We teach anatomy and physiology to reflexologists to understand the cause of disease and to work those points. When we're doing reflexology, we work to stimulate the parts of the body that lie at the source of the problem. For example, in diabetes, we have to work the pituitary because that sends the necessary hormone to the adrenal glands that then send the message to the pancreas to produce insulin. A good reflexologist should not just look at a chart and poke the area that corresponds to the pancreas for diabetes; you'll never help somebody that way.

Can reflexology be used to diagnose illnesses?
Reflexologists aren't licensed to diagnose. Eunice Ingham, for example worked with medical doctors, so she could help them diagnose an illness, but today you can't do that.

People that come to reflexology generally don't come to be diagnosed with their problem. They are looking for help with some problem they already know about. We can ask questions and, if you're a good reflexologist and have been doing it for a while, you're a detective. By the time I work your feet, I may know more about you than you do. But most reflexologists should not start to think that they're going to diagnose your problem.

Can reflexology be used in children?
Yes, it's fantastic in children. I recommend that every parent should know a little reflexology. For colds, teething or indigestion, pressure to the right points could help tremendously.
What does reflexology feel like?
"It hurts, but it feels good." Those are the magic words we always hear. During a reflexology session, you can feel the feet being worked. And, actually, it can feel fantastic; when you work with the hands in a certain rhythm, it's altogether different than a massage, especially when you have a certified reflexologist versus just a massage therapist working on your feet.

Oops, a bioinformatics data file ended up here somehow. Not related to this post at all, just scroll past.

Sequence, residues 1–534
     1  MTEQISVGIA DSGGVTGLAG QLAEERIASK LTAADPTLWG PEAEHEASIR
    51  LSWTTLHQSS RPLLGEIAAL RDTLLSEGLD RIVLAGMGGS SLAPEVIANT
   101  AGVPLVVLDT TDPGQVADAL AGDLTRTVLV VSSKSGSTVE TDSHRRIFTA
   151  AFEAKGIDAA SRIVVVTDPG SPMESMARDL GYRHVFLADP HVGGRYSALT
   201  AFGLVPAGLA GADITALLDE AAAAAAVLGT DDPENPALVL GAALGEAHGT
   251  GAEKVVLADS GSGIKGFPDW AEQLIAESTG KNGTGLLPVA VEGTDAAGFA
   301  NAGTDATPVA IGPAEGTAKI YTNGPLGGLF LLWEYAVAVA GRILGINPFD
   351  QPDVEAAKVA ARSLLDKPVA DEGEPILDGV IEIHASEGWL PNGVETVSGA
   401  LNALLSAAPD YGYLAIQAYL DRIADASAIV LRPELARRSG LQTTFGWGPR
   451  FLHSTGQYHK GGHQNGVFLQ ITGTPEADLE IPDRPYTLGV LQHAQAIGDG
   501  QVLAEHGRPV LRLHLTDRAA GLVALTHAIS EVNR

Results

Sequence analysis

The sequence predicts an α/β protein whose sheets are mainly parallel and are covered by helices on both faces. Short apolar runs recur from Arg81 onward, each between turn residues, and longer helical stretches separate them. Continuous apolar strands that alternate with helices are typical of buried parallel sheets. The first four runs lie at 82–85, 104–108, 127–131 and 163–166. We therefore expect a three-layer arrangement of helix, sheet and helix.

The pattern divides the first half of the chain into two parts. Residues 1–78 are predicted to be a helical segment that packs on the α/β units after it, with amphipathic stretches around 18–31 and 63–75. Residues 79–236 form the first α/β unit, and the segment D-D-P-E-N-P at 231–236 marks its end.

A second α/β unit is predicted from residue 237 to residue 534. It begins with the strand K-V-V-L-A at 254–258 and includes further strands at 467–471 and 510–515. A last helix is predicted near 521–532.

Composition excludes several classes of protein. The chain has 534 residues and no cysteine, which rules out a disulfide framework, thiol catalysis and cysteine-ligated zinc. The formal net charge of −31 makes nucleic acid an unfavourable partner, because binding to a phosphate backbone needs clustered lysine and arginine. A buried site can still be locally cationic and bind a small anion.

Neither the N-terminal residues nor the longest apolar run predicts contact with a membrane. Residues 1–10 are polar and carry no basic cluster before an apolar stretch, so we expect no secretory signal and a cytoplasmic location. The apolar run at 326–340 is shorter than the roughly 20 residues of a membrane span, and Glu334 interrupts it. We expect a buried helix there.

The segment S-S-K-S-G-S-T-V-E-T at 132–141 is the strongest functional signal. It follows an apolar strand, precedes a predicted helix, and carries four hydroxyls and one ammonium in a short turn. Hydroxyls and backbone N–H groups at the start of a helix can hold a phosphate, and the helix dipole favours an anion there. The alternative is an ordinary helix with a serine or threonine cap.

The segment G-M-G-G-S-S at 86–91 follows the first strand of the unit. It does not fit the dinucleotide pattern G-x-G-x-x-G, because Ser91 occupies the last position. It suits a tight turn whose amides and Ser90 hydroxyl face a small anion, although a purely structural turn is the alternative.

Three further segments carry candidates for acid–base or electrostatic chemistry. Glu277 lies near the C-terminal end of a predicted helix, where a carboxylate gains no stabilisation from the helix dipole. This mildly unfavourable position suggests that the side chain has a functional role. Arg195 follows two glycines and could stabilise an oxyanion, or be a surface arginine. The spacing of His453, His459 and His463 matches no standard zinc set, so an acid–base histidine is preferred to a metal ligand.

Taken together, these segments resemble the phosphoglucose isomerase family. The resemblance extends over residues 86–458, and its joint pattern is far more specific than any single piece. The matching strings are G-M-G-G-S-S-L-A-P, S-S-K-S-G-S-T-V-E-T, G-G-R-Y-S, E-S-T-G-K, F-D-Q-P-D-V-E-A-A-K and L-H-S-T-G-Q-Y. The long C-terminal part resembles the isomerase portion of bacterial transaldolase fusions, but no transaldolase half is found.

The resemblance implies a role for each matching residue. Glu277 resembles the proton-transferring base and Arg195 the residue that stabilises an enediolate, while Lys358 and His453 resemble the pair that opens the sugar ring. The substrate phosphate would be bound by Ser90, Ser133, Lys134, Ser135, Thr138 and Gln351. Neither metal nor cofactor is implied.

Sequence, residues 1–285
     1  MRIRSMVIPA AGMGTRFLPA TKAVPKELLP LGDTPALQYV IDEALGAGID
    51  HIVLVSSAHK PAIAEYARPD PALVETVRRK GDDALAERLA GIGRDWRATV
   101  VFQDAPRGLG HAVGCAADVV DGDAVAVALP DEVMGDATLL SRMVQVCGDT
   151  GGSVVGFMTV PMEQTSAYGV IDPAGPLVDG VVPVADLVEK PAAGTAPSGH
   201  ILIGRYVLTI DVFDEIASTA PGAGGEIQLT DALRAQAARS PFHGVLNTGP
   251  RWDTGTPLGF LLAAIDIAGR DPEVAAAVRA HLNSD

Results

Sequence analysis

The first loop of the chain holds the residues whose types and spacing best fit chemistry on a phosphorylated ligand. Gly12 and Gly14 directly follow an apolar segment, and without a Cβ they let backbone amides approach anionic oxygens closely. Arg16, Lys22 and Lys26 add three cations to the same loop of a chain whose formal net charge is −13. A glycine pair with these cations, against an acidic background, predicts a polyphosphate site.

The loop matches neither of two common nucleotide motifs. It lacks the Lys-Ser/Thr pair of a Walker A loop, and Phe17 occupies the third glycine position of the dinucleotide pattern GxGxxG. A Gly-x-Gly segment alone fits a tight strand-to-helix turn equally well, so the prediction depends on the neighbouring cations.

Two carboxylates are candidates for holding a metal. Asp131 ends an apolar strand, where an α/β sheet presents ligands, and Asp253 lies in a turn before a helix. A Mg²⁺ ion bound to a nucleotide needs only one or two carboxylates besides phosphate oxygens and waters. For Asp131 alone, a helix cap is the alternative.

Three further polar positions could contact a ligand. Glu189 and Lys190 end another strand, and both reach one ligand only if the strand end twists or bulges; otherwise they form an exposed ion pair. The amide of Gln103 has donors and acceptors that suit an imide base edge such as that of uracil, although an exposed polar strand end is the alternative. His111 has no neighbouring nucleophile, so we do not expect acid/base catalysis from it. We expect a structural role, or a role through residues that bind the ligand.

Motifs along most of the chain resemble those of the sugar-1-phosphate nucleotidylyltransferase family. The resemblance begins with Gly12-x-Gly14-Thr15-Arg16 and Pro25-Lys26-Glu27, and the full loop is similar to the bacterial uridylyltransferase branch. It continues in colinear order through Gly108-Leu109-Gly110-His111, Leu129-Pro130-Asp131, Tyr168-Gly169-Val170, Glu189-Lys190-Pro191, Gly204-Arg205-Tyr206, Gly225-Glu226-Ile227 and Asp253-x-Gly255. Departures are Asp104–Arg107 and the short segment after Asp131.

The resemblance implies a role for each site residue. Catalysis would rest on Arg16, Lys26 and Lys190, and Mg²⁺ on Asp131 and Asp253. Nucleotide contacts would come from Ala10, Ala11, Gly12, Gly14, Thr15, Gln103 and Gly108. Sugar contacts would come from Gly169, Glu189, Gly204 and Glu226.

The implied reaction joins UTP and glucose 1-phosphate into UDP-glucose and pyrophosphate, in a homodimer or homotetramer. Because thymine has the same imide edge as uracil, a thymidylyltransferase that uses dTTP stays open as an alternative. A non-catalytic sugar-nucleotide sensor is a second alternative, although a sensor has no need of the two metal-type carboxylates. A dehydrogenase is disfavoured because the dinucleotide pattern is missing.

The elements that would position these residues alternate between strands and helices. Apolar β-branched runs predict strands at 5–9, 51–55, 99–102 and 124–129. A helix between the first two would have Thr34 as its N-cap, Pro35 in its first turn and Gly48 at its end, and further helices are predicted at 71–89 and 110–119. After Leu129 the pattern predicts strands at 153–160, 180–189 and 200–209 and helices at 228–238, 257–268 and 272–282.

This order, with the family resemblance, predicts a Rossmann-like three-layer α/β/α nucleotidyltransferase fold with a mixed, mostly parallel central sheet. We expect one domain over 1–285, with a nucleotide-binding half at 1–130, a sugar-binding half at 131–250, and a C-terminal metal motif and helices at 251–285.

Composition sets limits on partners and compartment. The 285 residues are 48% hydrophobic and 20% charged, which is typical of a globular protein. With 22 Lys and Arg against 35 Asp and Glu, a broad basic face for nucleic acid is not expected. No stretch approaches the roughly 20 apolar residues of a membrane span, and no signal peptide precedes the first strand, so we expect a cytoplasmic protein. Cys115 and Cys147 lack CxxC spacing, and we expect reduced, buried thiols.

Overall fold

How long is a typical reflexology session?
There's no standard, but the average session runs probably fifty minutes. We have at our office the option of thirty-minute-long or hour-long treatments.

Is there anything special you should do before or after a reflexology session?
No, just have your feet clean and accessible to get to. You shouldn't wear pantyhose or something like that to a session. And people should always drink water afterward. Whether you work out or get a massage or have reflexology, water's always good to drink, because you are helping to eliminate toxins and waste from the body. [Many reflexologists will insist that you drink water as part of the session.]

How long does it take to feel the improvement?
Some improvement is felt immediately, but you don't usually feel instantly better. If I target an area on your foot to work on to help your shoulder, you don't always just walk away from a session and feel like, "Oh, wow, it's healed." But headaches sometimes will go away immediately. And sometimes if you have sinus problems, they'll start to drain right away. [I've had] people who retain fluids or have edema get up and go to the bathroom in the middle of a session. So, in that respect some conditions begin to improve immediately, but not always.

The main idea is that since the body doesn't break down overnight, it doesn't repair overnight. So, some people come to us after being sick a long time and there is no "instant cure." Additionally, reflexology isn't a panacea, and it doesn't work for everybody, like no one thing does.

How frequent should a session be to get the most benefit?
If you're looking for reflexology to be therapeutic?to help some condition?a couple times a week would be appropriate. People do come less often for maintenance sessions once they get over most of the crucial areas of their health. Then, they come every other week or once a month, depending on their condition.

What should someone look for in a reflexologist?
Unfortunately, today, there are a lot of people that are claiming to do reflexology and they're not qualified. Be sure to ask if your reflexologist is certified by the American Reflexology Certification Board or the International Institute of Reflexology.